The raid took place Sunday near a small town along the Euphrates River valley to the north of the city of Deir al-Zour, deep in the heart of Islamic State territory, according to the officials and Syrian activist groups.
The troops, who landed on helicopters, spent about 90 minutes in the area, then left carrying Islamic State captives and bodies, according to witnesses quoted by the website Deir al-Zour 24, which monitors Islamic State activity in that province.
A U.S. official said U.S. forces intercepted a vehicle thought to be carrying senior Islamic State members, but declined to say whether the militants had been captured or killed. The official, who spoke on the condition of anonymity to discuss an operation that the Pentagon has not yet publicly announced, said there were no American casualties.
The raid appeared to be an operation by the Expeditionary Task Force, a team of Special Operations forces based in Iraq that is charged with hunting down Islamic State leaders.
Col. John Dorrian, spokesman for the U.S.-led coalition, confirmed that the raid had taken place but declined to provide details or say whether any leaders had been seized.
“The Coalition can confirm a U.S. operation in the vicinity of Deir al-Zour on Jan. 8. The U.S. and the entire counter-ISIL Coalition will continue to pursue ISIL leaders wherever they are to ensure the security and stability of the region and our homelands,” he said in an email. ISIL is another name for the Islamic State.
The Britain-based Syrian Observatory for Human Rights said that 25 Islamic State members were killed in the operation. Another activist group, Sound and Picture, said two Islamic State prisoners were freed, but the details could not be independently confirmed.
The U.S.-led coalition has in recent months targeted and killed a string of senior Islamic State officials with drone strikes, but ground raids aimed at capturing leaders are rare. The most successful capture was that of Abu Sayaf, a top financier, in May 2015, also in the province of Deir al-Zour. In July 2014, Special Operations forces landed near the Islamic State’s self-proclaimed capital of Raqqa to rescue Western hostages, but they did not find any.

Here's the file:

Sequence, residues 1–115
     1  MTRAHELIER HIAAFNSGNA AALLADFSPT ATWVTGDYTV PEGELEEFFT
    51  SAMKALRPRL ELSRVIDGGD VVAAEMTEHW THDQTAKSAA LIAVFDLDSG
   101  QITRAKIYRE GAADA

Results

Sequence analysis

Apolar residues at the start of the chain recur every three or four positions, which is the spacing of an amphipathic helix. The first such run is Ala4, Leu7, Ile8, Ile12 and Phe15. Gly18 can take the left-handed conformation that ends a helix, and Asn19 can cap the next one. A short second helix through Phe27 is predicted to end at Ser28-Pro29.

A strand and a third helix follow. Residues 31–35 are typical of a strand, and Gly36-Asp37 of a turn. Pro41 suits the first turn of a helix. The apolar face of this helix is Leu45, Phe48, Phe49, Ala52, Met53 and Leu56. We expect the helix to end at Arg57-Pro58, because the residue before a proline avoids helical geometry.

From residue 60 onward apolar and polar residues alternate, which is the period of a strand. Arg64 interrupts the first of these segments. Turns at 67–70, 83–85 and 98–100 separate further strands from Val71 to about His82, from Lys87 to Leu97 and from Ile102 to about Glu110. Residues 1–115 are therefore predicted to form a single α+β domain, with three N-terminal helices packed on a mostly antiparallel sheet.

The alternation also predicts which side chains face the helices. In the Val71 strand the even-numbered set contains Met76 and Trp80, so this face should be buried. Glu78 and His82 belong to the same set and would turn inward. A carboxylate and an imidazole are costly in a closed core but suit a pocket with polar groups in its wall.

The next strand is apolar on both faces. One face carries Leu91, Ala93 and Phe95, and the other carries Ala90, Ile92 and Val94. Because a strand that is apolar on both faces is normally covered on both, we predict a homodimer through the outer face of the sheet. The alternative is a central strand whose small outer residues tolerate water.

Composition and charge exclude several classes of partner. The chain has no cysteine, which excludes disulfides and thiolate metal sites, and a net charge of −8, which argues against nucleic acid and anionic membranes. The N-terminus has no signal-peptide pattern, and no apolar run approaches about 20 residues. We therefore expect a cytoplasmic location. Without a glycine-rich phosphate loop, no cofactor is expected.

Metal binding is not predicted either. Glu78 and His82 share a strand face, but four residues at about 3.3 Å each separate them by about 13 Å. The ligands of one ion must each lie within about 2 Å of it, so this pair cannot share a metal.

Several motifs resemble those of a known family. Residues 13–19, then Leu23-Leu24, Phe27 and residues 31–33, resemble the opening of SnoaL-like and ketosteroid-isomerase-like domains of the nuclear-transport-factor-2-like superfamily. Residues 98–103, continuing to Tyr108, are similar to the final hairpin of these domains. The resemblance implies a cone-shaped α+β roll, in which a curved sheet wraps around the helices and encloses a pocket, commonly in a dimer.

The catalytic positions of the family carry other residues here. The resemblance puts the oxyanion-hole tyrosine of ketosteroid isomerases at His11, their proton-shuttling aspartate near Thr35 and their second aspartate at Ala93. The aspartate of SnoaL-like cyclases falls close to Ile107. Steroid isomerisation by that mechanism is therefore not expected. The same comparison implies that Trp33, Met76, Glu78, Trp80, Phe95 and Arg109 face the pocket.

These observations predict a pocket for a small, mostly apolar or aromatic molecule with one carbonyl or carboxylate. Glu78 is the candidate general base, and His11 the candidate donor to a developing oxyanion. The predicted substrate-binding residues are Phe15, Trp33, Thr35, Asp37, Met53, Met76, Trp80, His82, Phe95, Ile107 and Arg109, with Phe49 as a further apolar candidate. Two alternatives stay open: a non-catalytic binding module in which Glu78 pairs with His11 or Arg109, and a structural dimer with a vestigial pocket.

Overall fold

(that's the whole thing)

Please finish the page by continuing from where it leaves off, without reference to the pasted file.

A U.S. soldier died in another raid in the Iraqi town of Hawija in October 2015 that freed about 70 Iraqi captives but did not find Kurdish peshmerga hostages thought to be there. U.S. officials said five Islamic State militants were captured and at least 10 killed in that raid.
The highest-ranking leader killed was Abu Muhammad al-Adnani, the Islamic State’s spokesman and second in command to leader Abu Bakr al-Baghdadi. Adnani was hit by a drone strike in August after U.S. reconnaissance planes tracked him for months in a rural area of northern Syria.
There has been no word on the whereabouts of Baghdadi, who has eluded the U.S. forces hunting for him. Pentagon officials said two weeks ago that they think he is still alive.
|© Delil Souleiman/AFP/Getty Images Armed men in uniform identified by Syrian Democratic forces as U.S. Special Operations ride in the back of a pickup truck in the village of Fatisah in the northern Syrian province of Raqqa on May 25.|
US-led raid on IS leaders in Syria 'successful': Pentagon
Washington (AFP) - US special operations troops carried out a "successful" raid in Syria against leaders of the Islamic State group in the eastern province of Deir Ezzor, a Pentagon spokesman said Monday.